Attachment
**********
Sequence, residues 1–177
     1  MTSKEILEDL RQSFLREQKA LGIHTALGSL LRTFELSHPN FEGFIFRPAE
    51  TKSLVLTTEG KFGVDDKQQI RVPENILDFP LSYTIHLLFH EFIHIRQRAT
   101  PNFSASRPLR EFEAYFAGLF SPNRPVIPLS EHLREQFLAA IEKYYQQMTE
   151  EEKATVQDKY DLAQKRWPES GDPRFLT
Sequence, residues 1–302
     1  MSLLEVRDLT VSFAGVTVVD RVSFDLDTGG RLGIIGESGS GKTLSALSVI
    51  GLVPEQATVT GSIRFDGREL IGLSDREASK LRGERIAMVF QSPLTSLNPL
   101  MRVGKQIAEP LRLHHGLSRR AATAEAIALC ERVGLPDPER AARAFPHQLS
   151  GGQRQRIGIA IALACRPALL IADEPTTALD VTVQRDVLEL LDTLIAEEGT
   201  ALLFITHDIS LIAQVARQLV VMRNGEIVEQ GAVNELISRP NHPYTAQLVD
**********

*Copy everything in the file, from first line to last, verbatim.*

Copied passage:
Sequence, residues 1–177
     1  MTSKEILEDL RQSFLREQKA LGIHTALGSL LRTFELSHPN FEGFIFRPAE
    51  TKSLVLTTEG KFGVDDKQQI RVPENILDFP LSYTIHLLFH EFIHIRQRAT
   101  PNFSASRPLR EFEAYFAGLF SPNRPVIPLS EHLREQFLAA IEKYYQQMTE
   151  EEKATVQDKY DLAQKRWPES GDPRFLT
Sequence, residues 1–302
     1  MSLLEVRDLT VSFAGVTVVD RVSFDLDTGG RLGIIGESGS GKTLSALSVI
    51  GLVPEQATVT GSIRFDGREL IGLSDREASK LRGERIAMVF QSPLTSLNPL
   101  MRVGKQIAEP LRLHHGLSRR AATAEAIALC ERVGLPDPER AARAFPHQLS
   151  GGQRQRIGIA IALACRPALL IADEPTTALD VTVQRDVLEL LDTLIAEEGT
   201  ALLFITHDIS LIAQVARQLV VMRNGEIVEQ GAVNELISRP NHPYTAQLVD